This is your inner compass. Do not ignore it. Check your emotions often throughout the day. How are you feeling at this present moment? Your emotions tell you how near or far away you are from your truth. Being aware allows you to make conscious decisions relative to your truth.
For example, if you are feeling unsettled. Ask yourself “why?” Was it a hurtful conversation you had with a loved one recently? Is it feeling ill-prepared for a commitment you made later in the week? Your emotions will guide you to actions that will bring you closer to your truth. Do you need to ask for forgiveness or express your hurt feelings with your loved one? Are you taking on too much and need to reprioritize your commitments?
If you push through the day/week/month without pausing to reflect, you are on autopilot and probably numbing yourself. This unawareness disempowers you to be in the driver seat of your own life.
3. Notice your sensations
Pay attention to all of your senses. Our busy lives are so good at distracting us from sensing and being humans sometimes.
Multi-tasking often in an overscheduled day is the worst culprit for robbing us of our human experience and putting us into a robotic autopilot mode.
Try some things to reconnect with your senses:
- Savor the flavors, smells, temperature, texture, colors of the food
- Notice sensations in your body before, during, and after you eat your meal
- Sit and listen and fully experience a piece of music (while doing nothing else)
- Intentionally move your body and notice how you feel with different movements
- Go outside for a walk and notice the different smells you can differentiate
- Admire and notice all of the gradients of colors in a plant, garden, sunset, sea
- Find the softest patch of fur on an animal, if you have a pet (on one of my cats, it’s behind the ears, on the other is behind her feet)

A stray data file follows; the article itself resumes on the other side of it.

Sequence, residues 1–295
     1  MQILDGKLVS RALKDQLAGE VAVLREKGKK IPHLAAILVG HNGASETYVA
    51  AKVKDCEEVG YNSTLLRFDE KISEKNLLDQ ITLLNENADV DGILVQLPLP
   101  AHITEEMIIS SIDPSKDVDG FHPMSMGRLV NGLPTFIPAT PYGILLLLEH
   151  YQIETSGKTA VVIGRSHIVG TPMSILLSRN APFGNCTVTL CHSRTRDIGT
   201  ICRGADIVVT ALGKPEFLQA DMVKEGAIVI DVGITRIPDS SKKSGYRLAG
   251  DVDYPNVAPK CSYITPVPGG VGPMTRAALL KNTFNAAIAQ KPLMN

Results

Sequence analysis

- Notice how different fabrics feel on your body and against your bare skin
- Turn the water cold a few seconds at the end of your shower and notice what the change in temperature does to your body
4. Do things differently
How many of us are engaged in a long-term job/relationship/hobby? It’s human nature to get bored of the same things after months/years/decades. So, make it different! Ask yourself, how might I do this differently today? Often that’s how creativity and innovation are born.
How might you experiment with your tried and true recipe? How might you solve that problem you’ve solved 100 times before in a different way? How could you express your love and affection for your partner in a way that you haven’t before?
5. Focus on the now
Very simply put, when we are focused on anything else but experiencing the now, we rob ourselves of our life. The past is gone – dwelling on it can breed comparison, lack, regret, and shame. The future is an illusion – focused on outcomes of the future which are out of our control, can create unnecessary anxiety and stress. The only thing that is real is the present. It is only by focusing on what you want to do in this moment that defines who you are and can bring you fulfillment. Read this to learn how to be happier in any moment.
What does mindfulness mean to you? I would love to hear your comments.
Love this topic? Read why presence is the portal to your happiness and wellbeing.